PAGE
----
Hiding blemishes on your project surface is something that often comes with the package when making things out of wood. Wood, as you may know, is often imperfect. But even if it is pretty close to flawless, you may still need to counter-sink a screw, or something similar. One thing I’ve learned is that a nice clean counter-sunk hole looks better than a screw head. You’ve probably come across situations that required you to fasten your project together with screws even though you didn’t want to leave anything visible on the surface.
So what do you do when you absolutely HAVE to use screws but you can’t stand the sight of screw heads on your finished product? (Personally, I abhor screw heads!) My solution is to counter-sink and then fill the holes with wood putty. This looks far better in my opinion. The only down-side is that taking it apart is a pain as you would need to dig out the putty before you can access the screw. But this isn’t really an issue in my book as I more often than not use wood glue between joints anyway, and so don’t plan on ever taking my project apart.
So here’s how you do it:
Get your wood glue – the squirt-bottle with the white creamy stuff in it – and squirt an appropriate amount on a mixing palette of some kind. This can be anything from a 20cmX20cm piece of plywood to a scrap of cardboard. Now take some saw-dust – preferably the saw-dust you just made so the color will be somewhat similar – and start mixing it into your glue. You should come up with a “dough-like” consistency. Remember to mix the 2 together well, making sure all the saw-dust is properly “dissolved” into the glue.
You’ll want to pack as much of the paste into the hole as possible to ensure a quality, long-lasting seal. Mounding the putty up over the hole is a good idea as you can then sand the putty perfectly flat with a disk sander after it dries. Trying to smear the putty flat while wet – and make it look good at the same time – is a futile endeavor – not to mention it will “concave” after drying. So it’s best to just mound it and take it down afterward. Remember that wood glue dries to a transparent finish but the saw-dust remains visible, so you’ll want to as much as possible keep the putty INSIDE the hole and not get it all over the surrounding areas.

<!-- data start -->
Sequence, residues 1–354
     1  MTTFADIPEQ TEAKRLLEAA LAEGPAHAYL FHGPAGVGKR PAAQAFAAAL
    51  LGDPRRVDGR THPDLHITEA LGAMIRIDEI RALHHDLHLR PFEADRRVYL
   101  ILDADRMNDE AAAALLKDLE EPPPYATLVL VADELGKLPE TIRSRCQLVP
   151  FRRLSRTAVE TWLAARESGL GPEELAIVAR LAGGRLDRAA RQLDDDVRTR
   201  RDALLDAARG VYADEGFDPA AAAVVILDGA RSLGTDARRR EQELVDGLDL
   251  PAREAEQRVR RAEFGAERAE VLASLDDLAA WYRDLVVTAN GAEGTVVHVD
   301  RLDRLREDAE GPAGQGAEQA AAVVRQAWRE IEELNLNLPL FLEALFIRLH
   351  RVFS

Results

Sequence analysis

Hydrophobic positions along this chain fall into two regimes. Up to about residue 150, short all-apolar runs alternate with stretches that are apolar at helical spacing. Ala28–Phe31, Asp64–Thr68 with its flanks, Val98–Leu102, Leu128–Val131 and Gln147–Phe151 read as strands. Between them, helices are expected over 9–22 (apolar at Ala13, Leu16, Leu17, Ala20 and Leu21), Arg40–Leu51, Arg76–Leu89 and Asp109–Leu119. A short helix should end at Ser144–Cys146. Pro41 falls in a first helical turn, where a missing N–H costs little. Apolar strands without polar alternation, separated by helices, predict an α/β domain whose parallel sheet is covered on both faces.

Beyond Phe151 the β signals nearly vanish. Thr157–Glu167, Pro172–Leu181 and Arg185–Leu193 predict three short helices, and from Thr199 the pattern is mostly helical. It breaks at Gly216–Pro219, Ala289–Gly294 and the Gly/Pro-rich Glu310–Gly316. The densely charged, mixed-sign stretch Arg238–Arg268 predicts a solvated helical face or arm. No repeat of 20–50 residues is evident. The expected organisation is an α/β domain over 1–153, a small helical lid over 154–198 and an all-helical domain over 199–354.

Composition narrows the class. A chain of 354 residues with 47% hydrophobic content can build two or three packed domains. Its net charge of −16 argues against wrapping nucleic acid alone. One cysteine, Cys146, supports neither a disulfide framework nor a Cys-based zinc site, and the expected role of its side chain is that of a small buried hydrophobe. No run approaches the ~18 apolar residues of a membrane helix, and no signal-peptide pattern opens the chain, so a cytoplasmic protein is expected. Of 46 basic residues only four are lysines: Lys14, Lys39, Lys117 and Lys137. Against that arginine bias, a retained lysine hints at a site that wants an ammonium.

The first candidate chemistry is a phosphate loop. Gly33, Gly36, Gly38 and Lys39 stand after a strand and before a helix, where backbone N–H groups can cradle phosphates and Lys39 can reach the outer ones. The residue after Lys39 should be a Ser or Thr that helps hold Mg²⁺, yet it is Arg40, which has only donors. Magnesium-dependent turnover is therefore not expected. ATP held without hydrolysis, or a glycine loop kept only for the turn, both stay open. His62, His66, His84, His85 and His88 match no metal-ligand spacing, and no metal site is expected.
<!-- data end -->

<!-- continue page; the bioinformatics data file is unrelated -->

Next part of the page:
Let the putty dry for at least 24 hours. Once dry, you can take your disk sander and sand it down till it’s smooth. It should be smooth enough to where you can run your fingers over it and not feel any unevenness. Of course, you will still be able to see where the hole was filled, but by staining, varnishing, or painting the surface, this should be minimized greatly. In the end, if you did the job right, it should look as if it was “meant to be there”.
You should also know that if you plan to stain or varnish the project after your putty job, you should take special care to sand down ALL traces of the putty to the outside of the hole. Any lingering films of glue will prevent proper penetration of the wood by the stain or varnish, and will consequently leave an ugly discoloration. One last tip to get you the best results: Make sure your counter-sunk screw holes are as aligned as possible and not just randomly placed. This will help everything to look uniform.